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Neural correlates of natural human echolocation in early and late blind echolocation experts.

Thaler L, Arnott SR, Goodale MA - PLoS ONE (2011)

Bottom Line: When we compared brain activity for sounds that contained both clicks and the returning echoes with brain activity for control sounds that did not contain the echoes, but were otherwise acoustically matched, we found activity in calcarine cortex in both individuals.Importantly, for the same comparison, we did not observe a difference in activity in auditory cortex.These findings suggest that processing of click-echoes recruits brain regions typically devoted to vision rather than audition in both early and late blind echolocation experts.

View Article: PubMed Central - PubMed

Affiliation: Department of Psychology, University of Western Ontario, London, Ontario, Canada.

ABSTRACT

Background: A small number of blind people are adept at echolocating silent objects simply by producing mouth clicks and listening to the returning echoes. Yet the neural architecture underlying this type of aid-free human echolocation has not been investigated. To tackle this question, we recruited echolocation experts, one early- and one late-blind, and measured functional brain activity in each of them while they listened to their own echolocation sounds.

Results: When we compared brain activity for sounds that contained both clicks and the returning echoes with brain activity for control sounds that did not contain the echoes, but were otherwise acoustically matched, we found activity in calcarine cortex in both individuals. Importantly, for the same comparison, we did not observe a difference in activity in auditory cortex. In the early-blind, but not the late-blind participant, we also found that the calcarine activity was greater for echoes reflected from surfaces located in contralateral space. Finally, in both individuals, we found activation in middle temporal and nearby cortical regions when they listened to echoes reflected from moving targets.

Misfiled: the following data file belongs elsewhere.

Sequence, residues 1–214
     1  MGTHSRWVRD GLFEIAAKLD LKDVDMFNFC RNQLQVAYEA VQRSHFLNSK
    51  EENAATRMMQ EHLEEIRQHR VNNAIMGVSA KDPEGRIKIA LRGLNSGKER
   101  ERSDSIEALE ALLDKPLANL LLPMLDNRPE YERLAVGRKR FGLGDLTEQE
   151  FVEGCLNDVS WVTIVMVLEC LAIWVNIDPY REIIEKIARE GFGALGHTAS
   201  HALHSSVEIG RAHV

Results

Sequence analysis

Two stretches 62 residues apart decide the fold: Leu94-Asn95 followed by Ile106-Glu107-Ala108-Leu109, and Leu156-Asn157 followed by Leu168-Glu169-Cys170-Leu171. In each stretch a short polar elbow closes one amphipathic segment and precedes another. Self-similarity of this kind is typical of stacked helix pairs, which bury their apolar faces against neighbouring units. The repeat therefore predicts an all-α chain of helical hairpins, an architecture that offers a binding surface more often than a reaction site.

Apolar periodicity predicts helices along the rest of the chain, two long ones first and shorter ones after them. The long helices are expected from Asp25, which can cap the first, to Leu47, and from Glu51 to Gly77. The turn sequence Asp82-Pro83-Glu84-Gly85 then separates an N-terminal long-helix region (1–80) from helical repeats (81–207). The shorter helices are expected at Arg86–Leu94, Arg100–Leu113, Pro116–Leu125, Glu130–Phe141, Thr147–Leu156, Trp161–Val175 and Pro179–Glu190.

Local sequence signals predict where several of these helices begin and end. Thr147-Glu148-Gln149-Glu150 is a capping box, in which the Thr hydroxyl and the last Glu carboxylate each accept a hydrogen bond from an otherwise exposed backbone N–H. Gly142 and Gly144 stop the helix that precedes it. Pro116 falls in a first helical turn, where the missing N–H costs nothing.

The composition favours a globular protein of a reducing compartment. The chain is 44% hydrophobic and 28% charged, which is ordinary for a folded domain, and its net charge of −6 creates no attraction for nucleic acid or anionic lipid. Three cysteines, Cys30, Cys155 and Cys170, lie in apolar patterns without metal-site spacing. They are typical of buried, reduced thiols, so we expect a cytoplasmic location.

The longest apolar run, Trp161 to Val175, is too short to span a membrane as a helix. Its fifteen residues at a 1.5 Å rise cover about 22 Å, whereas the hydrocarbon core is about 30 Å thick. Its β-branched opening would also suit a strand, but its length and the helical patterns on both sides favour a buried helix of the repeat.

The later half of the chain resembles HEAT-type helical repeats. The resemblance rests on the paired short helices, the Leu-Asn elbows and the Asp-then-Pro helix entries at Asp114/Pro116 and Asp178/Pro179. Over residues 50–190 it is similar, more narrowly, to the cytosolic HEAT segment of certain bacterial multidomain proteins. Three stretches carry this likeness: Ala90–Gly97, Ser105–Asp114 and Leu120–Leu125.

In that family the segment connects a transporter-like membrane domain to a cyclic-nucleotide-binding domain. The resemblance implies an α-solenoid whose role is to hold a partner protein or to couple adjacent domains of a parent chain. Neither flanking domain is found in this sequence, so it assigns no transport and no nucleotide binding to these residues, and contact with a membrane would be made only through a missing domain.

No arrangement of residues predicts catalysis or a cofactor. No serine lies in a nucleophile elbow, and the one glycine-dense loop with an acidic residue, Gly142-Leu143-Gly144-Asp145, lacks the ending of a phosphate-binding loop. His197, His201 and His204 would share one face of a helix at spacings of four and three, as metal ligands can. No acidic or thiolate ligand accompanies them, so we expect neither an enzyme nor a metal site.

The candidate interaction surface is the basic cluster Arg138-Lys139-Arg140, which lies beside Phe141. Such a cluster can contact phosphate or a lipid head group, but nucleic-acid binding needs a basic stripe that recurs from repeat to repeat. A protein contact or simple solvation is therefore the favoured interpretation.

Conclusions: These findings suggest that processing of click-echoes recruits brain regions typically devoted to vision rather than audition in both early and late blind echolocation experts.

Show MeSH
BOLD activity projected on participants reconstructed and partially inflated cortical surface.Concavities and convexities are colored dark and light, respectively. CS-central sulcus, CaS-calcarine sulcus, LS- lateral sulcus, MFS – middle frontal sulcus. Top panel: BOLD activity while EB and LB listened to recordings of their own echolocation sounds that had been made in an anechoic chamber and judged the location (left vs. right), shape (concave vs. flat) or stability (moving vs. stationary) of the sound reflecting surface (see Figure 1F for behavioral results). Bottom Panel: BOLD activity while C1 and C2 listened to recordings they had trained with, i.e. EB and LB's echolocation sounds, respectively. Just as EB and LB, C1 and C2 judged the location (left vs. right), shape (concave vs. flat) or stability (moving vs. stationary) of the sound reflecting surface (see Figure 1F for behavioral results). Both EB and LB, but not C1 or C2, show reliable BOLD activity in calcarine sulcus, typically associated with the processing of visual stimuli. EB shows more BOLD activity in calcarine sulcus than LB. All subjects (except C2) also show BOLD activity along the central sulcus (i.e. Motor Cortex) of the left hemisphere, most likely due to the response related right-hand button press. All subjects also show BOLD activity in the lateral sulcus (i.e. Auditory Complex) of the left and right hemispheres and adjacent and inferior to the right medial frontal sulcus. The former likely reflects the auditory nature of the stimuli. The latter most likely reflects the involvement of higher order cognitive and executive control processes during task performance.